Boeing is moving into the next-generation scrap business, teaming with Italy's Alenia Aeronautica to help establish a composite waste recycling centre near the 787 partner's Puglia manufacturing base.

Together with UK partner Milled Carbon, Italy's national technology agency ENEA and Karborek, the builder and ultimate plant operator, the two primes will develop the expertise required to recycle both composite materials during manufacturing and - eventually - primary structural parts of the aircraft into reusable materials for non-critical structures such as interior lining, galley and seat parts and tools.

The southern Italy facility, due to be operational by the end of next year, will process an average 1,000t annually - or 9t a day - of composite scrap at capacity.

Boeing and Milled Carbon, the provider of the industrial plant blueprint, have together worked for several years on a pilot programme to process both cured and uncured composite parts on a continual feed that extracts high-quality carbonfibres.

Milled Carbon, the world's largest processor of recycled carbonfibre, established its factory in Birmingham, UK in 2003. It can process more than 500t of carbonfibre composites annually using a thermo/chemical process that can handle most woven and non-woven pre-preg rolls and parts up to 2m (6.5ft) wide.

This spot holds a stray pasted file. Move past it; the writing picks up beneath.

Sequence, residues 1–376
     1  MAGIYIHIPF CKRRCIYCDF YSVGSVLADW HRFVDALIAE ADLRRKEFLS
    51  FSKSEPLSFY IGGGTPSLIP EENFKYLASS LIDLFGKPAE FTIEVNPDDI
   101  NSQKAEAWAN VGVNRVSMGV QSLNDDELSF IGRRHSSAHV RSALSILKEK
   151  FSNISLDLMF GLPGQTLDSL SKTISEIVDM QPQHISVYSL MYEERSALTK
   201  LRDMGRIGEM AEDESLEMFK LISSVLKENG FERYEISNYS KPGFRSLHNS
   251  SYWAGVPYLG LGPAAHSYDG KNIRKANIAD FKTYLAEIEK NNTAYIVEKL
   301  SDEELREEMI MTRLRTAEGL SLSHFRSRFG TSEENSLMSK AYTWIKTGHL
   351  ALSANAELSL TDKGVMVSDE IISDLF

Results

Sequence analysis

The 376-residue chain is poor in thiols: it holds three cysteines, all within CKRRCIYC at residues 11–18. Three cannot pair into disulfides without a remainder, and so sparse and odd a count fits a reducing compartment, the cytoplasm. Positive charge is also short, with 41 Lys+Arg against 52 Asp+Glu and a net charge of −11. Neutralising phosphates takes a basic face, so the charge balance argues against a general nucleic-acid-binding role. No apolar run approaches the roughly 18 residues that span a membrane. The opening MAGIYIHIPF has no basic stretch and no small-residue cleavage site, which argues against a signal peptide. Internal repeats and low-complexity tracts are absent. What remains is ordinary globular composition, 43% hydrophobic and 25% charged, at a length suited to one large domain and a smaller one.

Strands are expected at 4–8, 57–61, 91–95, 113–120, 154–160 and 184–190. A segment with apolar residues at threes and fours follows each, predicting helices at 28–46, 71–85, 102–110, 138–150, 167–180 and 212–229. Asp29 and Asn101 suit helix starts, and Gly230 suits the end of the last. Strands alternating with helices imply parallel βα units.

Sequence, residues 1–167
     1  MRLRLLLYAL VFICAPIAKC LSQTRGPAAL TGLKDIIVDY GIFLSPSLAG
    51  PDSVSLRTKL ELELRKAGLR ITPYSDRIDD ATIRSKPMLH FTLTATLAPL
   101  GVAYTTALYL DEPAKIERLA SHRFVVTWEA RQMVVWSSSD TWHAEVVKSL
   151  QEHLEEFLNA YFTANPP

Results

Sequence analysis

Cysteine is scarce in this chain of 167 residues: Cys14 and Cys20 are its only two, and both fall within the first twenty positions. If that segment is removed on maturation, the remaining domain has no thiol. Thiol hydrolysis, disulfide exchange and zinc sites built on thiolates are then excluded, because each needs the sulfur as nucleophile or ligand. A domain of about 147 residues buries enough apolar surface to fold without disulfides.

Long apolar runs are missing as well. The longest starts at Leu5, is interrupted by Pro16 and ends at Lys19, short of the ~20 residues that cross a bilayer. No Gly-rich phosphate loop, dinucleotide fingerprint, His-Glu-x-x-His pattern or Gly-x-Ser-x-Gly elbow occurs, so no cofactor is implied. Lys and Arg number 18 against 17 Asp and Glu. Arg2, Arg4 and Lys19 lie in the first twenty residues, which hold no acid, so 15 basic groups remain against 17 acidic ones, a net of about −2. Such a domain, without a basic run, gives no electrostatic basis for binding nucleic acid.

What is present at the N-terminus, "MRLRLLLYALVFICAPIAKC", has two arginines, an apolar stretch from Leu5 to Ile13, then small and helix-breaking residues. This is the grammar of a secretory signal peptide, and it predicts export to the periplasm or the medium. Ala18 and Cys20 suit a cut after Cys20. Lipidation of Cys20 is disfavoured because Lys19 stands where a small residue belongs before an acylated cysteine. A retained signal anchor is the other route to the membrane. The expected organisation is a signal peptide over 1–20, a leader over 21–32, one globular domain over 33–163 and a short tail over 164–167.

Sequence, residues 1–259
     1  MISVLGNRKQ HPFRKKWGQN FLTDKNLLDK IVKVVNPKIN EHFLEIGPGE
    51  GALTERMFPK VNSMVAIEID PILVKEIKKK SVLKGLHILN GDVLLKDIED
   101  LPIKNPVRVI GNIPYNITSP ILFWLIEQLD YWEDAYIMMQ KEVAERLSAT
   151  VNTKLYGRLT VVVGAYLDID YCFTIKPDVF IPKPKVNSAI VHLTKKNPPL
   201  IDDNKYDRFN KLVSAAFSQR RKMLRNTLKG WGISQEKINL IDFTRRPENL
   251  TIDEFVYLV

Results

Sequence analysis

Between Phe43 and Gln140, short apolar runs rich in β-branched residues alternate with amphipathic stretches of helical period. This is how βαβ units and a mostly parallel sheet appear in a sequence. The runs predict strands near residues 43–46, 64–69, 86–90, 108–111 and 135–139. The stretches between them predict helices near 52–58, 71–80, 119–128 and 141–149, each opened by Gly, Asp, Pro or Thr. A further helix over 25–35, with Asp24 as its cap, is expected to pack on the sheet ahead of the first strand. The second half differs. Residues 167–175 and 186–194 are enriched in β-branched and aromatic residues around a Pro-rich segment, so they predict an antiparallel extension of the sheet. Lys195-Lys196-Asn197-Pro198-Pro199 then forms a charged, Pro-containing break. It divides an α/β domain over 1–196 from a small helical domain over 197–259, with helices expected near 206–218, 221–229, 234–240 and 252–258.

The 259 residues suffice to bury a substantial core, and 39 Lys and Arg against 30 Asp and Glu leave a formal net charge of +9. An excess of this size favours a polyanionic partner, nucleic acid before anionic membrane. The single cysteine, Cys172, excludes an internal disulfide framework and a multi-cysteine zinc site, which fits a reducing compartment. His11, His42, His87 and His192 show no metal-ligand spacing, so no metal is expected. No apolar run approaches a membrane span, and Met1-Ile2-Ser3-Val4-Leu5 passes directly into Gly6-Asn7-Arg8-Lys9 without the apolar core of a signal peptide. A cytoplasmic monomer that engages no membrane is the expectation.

John Davidson, managing director of Milled Carbon, believes global manufacturing capacity of carbonfibre stands at 35,000t a year and, with up to 40% of carbonfibre being wasted in the manufacturing process, the industry will soon need vastly increased composite recycling capacity. "Believe me, we are already running out of space at our UK facility," he says.

Davidson says the business, which produces carbonfibre that is processed by chopping, milling or shredding was originally approached by Boeing for the purpose of aircraft recycling. "When they saw what we could do they saw the potential of applying recycling techniques within the manufacturing process," he says.

"Through this agreement we are actively developing technologies and capabilities today that will allow us to responsibly recycle our precious resources and help meet rising demand for high-quality composite material," says Boeing's director of environmental strategy Billy Glover.

"Alenia Aeronautica is very aware of the importance of product sustainability, and as the use of composites grows, so does the importance of recycling these materials," says Alenia chief technology officer Nazario Cauceglia.

The new joint venture is expected to become a member of the Aircraft Fleet Recycling Association, where it will promote best practice in the area of composite recycling.

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Source: Flight International